Jacob (Jac.) van Hattum (Wommels, 10 February 1900 – Amstelveen, 19 August 1981) was a Dutch writer and poet. His actual name was Van Hattem, but due to an error at the registry office it became 'Van Hattum'.

Initially working as a teacher, he began writing poems in the late 1920s. These originally appeared in Christian journals and socialist anthologies. Van Hattum made his debut in 1932 with the cheaply released bundle of Job breakers. In the second half of the 1930s he worked on the road with several collections of poetry, which made their own, somewhat ironic sound: Poems (1936), De pothead plant (1936) and Frisia non cantat (1938). With Ed. Hoornik and Gerard den Brabander, he belonged to the 'Amsterdam School', which was a reaction to the magazine Forum and also allowed the anecdotal in poetry. In 1938, the trio published a book of poetry with a reference to the name of E. du Perron entitled Three on One Platform. A second volume was published in 1941.

Van Hattum, however, was a true individualist who didn't like collaboration very much. He was not committed to literary magazines, such as Hoornik. Nor did he find his way to the café, like Den Brabander. He was a real writer, who published a collection of poetry every year for a time, and when the wartime made it impossible for those who were not members of the Kultuurkamer, he published illegal prints in-house, which were nonconformist in terms of content and form: Christmas song 1942, Neerland's language (1943), North-North-West (with Reinold Kuipers, 1944) and Social Aid (1944) for example. During the war he also managed to publish other editions, such as his prose debut Van Odrimond, Millimas and others (1941), a collection of fairy tales, which foreshadowed his second kind of belles-lettres, the fairy tales or short sketches and stories with hidden criticism of the hypocrisy and inequality of society. His sensitivity to this stemmed in part from his homosexuality, which was concealed in the last years of the war and revealed openly in his work in later decades. In 1941 Willem E. Blom dedicated his poetry collection Procul negotiis to Van Hattum; the latter would write a poem on Blom and instruct him to be printed in Blom's third volume Inter alia. After the war, Van Hattum went straight ahead with his many small books, both the sometimes sarcastic short stories and poetry with light undertones: A Summer (1946), Men and Cats (1947), The Heart on the Nail and Eule beule polka dot (both 1954). In that year his beautifully executed Collected Poems were published by van Oorschot. He financed part of his expenses himself, as was the custom of a publishing house like De Beech, but he also regularly sent new year's wishes with a poem on it. Also in the fifties and sixties his work was well sold and considered 'modern': Fairy tales and tales (1955), Do not Reproduce, an adaptation of the sonnets of Shakespeare (1959), The sweetest guest with a pronounced homosexual impact (1961), The Gum Child (1965), Loze aren (1970) for example.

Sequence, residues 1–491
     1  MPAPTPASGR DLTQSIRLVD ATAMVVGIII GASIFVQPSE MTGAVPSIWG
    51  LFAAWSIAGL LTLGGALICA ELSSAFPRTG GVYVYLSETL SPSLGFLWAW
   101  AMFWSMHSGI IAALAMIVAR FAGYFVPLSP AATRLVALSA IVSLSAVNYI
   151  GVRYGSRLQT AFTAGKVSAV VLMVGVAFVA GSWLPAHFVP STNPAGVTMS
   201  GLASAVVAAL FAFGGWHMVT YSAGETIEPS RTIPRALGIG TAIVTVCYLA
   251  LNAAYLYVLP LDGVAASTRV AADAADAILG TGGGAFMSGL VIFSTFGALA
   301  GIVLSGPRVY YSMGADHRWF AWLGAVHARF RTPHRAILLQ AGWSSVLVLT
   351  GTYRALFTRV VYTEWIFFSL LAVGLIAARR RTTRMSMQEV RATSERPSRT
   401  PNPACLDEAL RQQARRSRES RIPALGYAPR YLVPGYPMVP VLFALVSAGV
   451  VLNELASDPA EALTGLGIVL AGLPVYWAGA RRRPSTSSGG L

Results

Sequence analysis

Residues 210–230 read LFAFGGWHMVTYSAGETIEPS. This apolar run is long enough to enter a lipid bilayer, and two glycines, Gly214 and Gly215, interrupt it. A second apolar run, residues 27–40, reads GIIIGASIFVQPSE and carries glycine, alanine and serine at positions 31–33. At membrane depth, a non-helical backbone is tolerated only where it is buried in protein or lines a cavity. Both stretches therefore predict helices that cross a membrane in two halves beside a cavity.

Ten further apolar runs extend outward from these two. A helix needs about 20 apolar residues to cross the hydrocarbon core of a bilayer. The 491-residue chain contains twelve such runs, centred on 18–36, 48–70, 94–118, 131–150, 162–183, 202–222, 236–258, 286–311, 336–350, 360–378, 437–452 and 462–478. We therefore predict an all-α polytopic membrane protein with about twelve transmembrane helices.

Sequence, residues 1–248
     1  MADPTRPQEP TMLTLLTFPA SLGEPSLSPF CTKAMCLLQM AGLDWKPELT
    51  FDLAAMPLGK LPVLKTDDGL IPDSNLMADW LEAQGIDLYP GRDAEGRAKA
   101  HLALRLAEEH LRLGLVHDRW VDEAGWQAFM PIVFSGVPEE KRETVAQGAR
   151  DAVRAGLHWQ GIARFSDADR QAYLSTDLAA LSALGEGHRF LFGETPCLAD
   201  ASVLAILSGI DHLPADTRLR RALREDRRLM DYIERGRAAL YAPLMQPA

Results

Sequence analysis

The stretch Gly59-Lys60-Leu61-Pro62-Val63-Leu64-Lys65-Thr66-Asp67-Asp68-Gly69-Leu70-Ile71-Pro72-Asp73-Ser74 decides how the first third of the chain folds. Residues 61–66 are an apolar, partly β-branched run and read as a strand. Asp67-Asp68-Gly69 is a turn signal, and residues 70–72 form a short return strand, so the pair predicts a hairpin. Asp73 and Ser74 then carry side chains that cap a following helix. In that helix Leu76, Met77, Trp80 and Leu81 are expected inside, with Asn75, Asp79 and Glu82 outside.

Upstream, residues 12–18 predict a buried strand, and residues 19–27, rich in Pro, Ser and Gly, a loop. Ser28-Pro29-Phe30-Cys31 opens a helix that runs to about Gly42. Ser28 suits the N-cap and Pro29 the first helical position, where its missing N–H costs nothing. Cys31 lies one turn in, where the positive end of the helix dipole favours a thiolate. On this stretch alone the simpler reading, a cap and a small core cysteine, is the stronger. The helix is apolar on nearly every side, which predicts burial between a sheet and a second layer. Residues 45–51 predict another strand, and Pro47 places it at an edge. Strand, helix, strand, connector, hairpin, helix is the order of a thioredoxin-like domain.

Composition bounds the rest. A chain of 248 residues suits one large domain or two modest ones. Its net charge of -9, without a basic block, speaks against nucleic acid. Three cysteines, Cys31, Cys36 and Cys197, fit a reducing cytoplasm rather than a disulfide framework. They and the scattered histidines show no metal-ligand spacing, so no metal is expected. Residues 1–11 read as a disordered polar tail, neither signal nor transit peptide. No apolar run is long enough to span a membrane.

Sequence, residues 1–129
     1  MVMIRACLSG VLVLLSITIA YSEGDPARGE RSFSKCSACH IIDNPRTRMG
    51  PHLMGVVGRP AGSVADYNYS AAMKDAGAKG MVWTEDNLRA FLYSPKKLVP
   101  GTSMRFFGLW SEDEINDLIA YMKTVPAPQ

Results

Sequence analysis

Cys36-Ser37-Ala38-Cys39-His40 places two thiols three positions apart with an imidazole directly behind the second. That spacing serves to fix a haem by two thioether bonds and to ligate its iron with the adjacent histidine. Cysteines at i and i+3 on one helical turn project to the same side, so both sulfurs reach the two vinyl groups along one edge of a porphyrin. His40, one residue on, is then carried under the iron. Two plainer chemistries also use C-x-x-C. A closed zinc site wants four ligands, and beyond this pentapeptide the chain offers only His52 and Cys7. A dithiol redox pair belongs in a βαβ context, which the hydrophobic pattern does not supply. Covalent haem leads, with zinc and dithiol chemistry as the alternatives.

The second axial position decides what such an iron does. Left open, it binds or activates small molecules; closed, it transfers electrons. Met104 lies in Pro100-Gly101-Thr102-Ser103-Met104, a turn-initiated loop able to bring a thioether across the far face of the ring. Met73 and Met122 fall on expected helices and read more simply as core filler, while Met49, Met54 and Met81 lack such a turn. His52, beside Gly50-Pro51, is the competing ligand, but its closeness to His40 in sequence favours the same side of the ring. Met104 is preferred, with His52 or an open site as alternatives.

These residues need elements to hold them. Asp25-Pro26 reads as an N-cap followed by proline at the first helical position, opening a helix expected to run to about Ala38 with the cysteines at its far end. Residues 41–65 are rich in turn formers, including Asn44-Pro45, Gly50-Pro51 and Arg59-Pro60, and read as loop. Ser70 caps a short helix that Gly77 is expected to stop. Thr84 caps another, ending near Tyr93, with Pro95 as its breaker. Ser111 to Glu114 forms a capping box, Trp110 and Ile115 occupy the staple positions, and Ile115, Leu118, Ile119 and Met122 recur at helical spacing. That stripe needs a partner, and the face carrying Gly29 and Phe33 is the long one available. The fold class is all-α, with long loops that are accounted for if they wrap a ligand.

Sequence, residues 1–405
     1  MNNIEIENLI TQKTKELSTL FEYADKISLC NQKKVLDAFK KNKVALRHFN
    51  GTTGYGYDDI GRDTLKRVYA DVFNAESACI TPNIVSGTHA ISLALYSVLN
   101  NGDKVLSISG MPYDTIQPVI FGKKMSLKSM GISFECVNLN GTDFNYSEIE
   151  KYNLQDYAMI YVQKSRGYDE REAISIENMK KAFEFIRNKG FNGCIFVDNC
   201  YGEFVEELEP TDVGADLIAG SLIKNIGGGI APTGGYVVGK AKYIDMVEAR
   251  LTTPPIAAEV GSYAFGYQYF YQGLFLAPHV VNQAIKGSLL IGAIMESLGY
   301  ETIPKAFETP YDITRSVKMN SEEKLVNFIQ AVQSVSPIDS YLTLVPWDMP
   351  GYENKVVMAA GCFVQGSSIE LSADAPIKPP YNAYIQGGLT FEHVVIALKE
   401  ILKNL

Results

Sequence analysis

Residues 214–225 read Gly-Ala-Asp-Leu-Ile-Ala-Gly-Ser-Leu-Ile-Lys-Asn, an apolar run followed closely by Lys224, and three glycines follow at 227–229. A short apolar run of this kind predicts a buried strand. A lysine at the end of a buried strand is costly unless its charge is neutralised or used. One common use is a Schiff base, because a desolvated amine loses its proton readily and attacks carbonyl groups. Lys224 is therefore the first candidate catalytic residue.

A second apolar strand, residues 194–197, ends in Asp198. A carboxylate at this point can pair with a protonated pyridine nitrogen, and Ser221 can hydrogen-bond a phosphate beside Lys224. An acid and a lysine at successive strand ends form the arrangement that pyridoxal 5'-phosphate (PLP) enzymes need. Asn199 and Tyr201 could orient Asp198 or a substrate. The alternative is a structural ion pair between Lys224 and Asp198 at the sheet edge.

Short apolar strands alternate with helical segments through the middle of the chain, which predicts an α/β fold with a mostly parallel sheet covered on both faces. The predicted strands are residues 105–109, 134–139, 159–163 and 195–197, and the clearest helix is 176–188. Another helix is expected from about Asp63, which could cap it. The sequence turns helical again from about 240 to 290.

Van Hattum by J. Hardonk (c.1930)

In the 1960s, he began to become eccentric. He usually dressed in a kazuifel and expressed Roman Catholic worship in all he did. In the early 1970s, he was admitted to a nursing home. That a choice of his stories was included in the fund of the prestigious Stichting De Roos was no longer allowed to penetrate him: Seven stories with drawings by Tom Eyzenbach (1977). After his death in 1981, a number of bibliophile books were published, but van Oorschot also published his Collected work in two parts in 1993-1995. In reality, it was a choice, since Van Hattum's production was very large. Many of his stories and poems have not yet been published. Van Hattum's work can also be found in numerous anthologies, from his famous poem 'You Socialist Girl' in Flarden (1932) published by the anarchist socialist Henk Eikeboom via the Book Week gift of 1941 to Gerrit Komrijs Dutch poetry from the 19th to the 21st century in 2000 and some poems (13th edition, 2004).

My published books:

See my published books